With fashion, raising awareness for nonprofits

Local designer Gabrielle Mandel wants to make a positive impact with her work.

Gabrielle Mandel worked for brands like J.Crew and Rebecca Minkoff for several years in New York—but she felt guilty about the practices of the fashion industry.

So she moved back home to Philadelphia to create her own line.

“There were a lot of negative things that go on in the fashion industry, so I wanted to start a clothing brand that had positive implications,” Mandel said. “Things were getting made at really cheap labor costs and we live in such a throw-away culture for fashion. I wanted to do something where I could create better quality products but also raise some awareness.”

Mandel, designer of local brand Supra Endura, chooses nonprofit organizations as her inspiration each season. She then creates patterns and garments inspired by the organizations and donates a portion of the proceeds to the groups. Supra Endura is currently supporting The Wistar Institute and Urban Tree Connection, two Philadelphia-based nonprofits.

Mandel said $2 from each purchase from her online store goes to the nonprofits, but recently she has worked more closely with the organizations by getting involved with fundraising events. She sells her scarves wholesale to the organizations so they can resell them to donors at full price and earn more for each scarf sold.

Supra Endura’s relationship with Wistar, a biomedical research facility in University City, began in 2014 when Mandel met Lynsie Solomon, the institute’s chair of the ambassadors. Solomon said she bought a garment from another local designer in The Philadelphia Fashion Incubator, a program for up-and-coming designers, who in turn introduced her to a colleague: Mandel.

“[Mandel] makes [science] fashionable—like literally fashionable—and brings it front and center,” said Darien Sutton, the senior media relations associate at Wistar.

Sutton said The Wistar Institute was in the forefront of the medical field after Wistar researchers developed the first vaccine for rubella in 1969 and improved the rabies vaccine during the next decade.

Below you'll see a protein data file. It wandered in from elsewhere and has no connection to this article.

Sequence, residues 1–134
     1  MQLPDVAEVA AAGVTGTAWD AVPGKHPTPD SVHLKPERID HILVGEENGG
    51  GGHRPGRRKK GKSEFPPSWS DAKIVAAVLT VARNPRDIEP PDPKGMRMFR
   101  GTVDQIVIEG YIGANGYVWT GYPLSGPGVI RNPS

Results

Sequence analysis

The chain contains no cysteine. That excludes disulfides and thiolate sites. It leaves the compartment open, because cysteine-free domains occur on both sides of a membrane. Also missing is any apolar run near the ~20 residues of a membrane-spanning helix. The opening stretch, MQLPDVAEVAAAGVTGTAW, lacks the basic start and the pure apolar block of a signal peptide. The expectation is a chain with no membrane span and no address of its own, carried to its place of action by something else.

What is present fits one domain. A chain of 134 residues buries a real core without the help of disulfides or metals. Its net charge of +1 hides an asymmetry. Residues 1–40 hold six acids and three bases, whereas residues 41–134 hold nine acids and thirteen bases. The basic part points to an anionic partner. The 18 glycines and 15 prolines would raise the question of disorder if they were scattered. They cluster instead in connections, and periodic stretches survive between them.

Sutton said Mandel took images of cells from the microscopes that Wistar researchers used and made them into artwork for her designs.

“It’s just a really great story and amazing how she can take something that happened in the ‘80s and make it artistic,” Sutton said.

“Each season I design a print that is effectively a storyteller, but a woman will also see in a store and want to buy,” Mandel said. “[I try to make it] artistic but sellable, [it] will tell a story but is not so gimmicky that a person won’t actually want to wear it.”

Mandel had a similar creative process when she designed pieces inspired by Urban Tree Connection, a nonprofit that revitalizes urban neighborhoods by building usable spaces like gardens, parks and urban farms in abandoned lots.

Eliav Decter, development director of Urban Tree, said Mandel came out to visit the revitalized lots after reading about the organization. After taking pictures and talking to community members about the impact of the new green spaces, Mandel designed a series of scarves inspired by the landscapes.

“What I think she really loved was that we’ve taken these kind of gritty urban spaces and turned them into these lush, green, flower-filled spaces, some even with vegetables coming up,” Decter said. “[She designed] floral, green prints inspired by natural growing plants, and so in that sense she’s representing that green that we do in these neighborhoods.”

Now one of Mandel’s Urban Tree Connection-inspired scarves is on sale as an Urban Outfitters exclusive. A portion of the proceeds still go to Urban Tree Collection, and the Urban Outfitters tag includes Urban Tree’s mission statement and information.

Mandel said the Urban Outfitters scarf has a similar natural pattern to her other Urban Tree Connection-inspired garments, but with a more vintage feel to suit Urban Outfitters’ brand. Mandel produced the scarf herself and it will be sold in select Urban Outfitters stores.

“[Mandel is] helping to bring in some much needed funding for us and helping spread the word,” Decter said. “The work we do isn’t that expensive so even a relatively small contribution can make a huge difference. I love that this is a fun way of getting out the word of our organization that we would have never been able to pull off on our own.”

Erin Moran can be reached at erin.moran@temple.edu.

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